Sunday, September 11, 2011

What 9-11 Means to Me

I was 19.

I woke up to our radio alarm clock like every morning. Justin was already gone - at work on campus. We had been married for three months.

The clock radio had a lot of chatter instead of music. It sounded important. Just as I was waking enough to understand it, the phone began ringing. I was annoyed and didn't want to answer the phone because I wanted to listen to the radio. It was Justin on the phone, telling me about the attacks on the World Trade Center.

I hustled to campus. The school had turned one of the lecture rooms into a makeshift theatre. A projector displayed the news on a large, blank wall.

Students and teachers crammed in alike. No one cared that we were all skipping classes. We were equal - Americans in our fear and grief.

Justin whispered to me, "I bet it was bin Laden."

I didn't know who that was.

I didn't even know what the Twin Towers were. Or the World Trade Center.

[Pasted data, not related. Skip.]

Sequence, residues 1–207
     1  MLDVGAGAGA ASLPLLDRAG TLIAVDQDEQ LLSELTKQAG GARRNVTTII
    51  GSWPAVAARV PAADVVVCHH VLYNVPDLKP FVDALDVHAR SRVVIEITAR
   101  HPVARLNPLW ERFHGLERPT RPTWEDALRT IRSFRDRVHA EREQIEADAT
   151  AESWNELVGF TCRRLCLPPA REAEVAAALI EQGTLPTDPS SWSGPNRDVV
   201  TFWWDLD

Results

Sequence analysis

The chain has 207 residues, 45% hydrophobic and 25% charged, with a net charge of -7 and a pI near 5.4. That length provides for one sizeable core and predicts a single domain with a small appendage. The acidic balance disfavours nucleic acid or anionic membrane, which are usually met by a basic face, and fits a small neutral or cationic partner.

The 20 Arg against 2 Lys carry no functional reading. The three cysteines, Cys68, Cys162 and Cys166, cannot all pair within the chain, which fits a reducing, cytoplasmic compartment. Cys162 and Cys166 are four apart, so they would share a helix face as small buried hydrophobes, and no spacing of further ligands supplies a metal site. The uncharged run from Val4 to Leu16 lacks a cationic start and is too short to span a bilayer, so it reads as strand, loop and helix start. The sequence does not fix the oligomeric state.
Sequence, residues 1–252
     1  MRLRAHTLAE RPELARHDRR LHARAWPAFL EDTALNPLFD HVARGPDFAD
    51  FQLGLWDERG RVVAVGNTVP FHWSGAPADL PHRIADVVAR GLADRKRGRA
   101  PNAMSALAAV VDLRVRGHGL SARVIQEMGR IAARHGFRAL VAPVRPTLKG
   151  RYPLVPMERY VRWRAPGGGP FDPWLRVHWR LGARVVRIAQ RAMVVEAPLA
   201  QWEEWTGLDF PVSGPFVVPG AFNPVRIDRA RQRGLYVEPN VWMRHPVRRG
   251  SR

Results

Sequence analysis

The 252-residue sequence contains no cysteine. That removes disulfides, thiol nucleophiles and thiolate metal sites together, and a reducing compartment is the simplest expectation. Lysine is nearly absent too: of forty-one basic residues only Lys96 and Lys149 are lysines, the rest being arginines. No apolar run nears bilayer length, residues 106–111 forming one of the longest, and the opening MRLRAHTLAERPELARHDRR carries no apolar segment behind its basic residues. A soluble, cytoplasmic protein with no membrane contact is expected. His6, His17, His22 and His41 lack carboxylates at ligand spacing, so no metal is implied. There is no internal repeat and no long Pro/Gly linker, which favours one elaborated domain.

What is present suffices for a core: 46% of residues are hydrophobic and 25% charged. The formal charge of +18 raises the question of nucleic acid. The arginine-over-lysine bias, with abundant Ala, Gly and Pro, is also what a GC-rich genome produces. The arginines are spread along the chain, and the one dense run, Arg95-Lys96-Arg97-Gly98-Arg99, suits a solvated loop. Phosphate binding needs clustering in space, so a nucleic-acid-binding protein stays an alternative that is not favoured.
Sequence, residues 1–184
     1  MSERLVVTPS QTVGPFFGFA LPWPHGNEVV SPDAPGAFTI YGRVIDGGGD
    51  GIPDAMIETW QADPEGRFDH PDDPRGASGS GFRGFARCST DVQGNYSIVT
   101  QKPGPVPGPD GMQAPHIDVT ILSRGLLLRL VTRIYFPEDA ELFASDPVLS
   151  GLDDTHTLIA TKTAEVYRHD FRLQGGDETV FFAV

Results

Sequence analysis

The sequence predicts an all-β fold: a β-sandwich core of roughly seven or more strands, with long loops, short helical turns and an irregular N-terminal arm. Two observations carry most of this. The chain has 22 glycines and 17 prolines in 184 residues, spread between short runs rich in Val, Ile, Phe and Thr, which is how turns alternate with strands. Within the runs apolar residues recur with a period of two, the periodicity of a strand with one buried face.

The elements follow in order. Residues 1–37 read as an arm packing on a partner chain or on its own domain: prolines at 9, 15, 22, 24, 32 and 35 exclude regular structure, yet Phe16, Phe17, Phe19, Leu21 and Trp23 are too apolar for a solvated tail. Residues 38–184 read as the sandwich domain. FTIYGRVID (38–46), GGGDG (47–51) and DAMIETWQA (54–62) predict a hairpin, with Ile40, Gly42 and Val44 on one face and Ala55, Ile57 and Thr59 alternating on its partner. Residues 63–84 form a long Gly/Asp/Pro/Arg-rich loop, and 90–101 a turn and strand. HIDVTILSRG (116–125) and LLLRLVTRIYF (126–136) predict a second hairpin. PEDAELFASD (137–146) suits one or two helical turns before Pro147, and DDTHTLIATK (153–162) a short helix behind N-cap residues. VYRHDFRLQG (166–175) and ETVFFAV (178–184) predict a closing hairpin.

I learned.

After classes, Justin sat in our Spartan apartment and listened to the radio. We didn't have television. I felt like we could have been in the 1940's listening to President Roosevelt's fireside chats.

It was scary. I cried. Who didn't?

Ten years later.

I woke up to natural sunlight filtering through the blinds. I dozed in and out of sleep for another twenty minutes. I got up and checked Facebook. I heard Joci calling for her Daddy, so I got her out of bed. Using a recipe from Joci's latest Highlights magazine, Justin and Joci made pumpkin chocolate chip pancakes.

I took a shower. I heard Joci ask me something. I told her to ask her Daddy. A minute later I smelled something. I peeked out of the shower and saw Joci painting her own toe nails on top of the toilet lid. I hollered for Justin. He got an on-call phone call right then, so I jumped out - mid-shower - and got the mess under control.

We went to church.

Joci was hyper. It was a really long meeting.

We relaxed at home, looking up our family history and watching What Not to Wear.

Our flag is flying out front.

We've laughed all day. Hugged and smiled. Embraced our loved ones. Eaten delicious food.

I read stories to my baby. Rocked her. Said prayers with her. Sang her songs.

We're happy.

It's pretty obvious that the terrorists have not won. We have.


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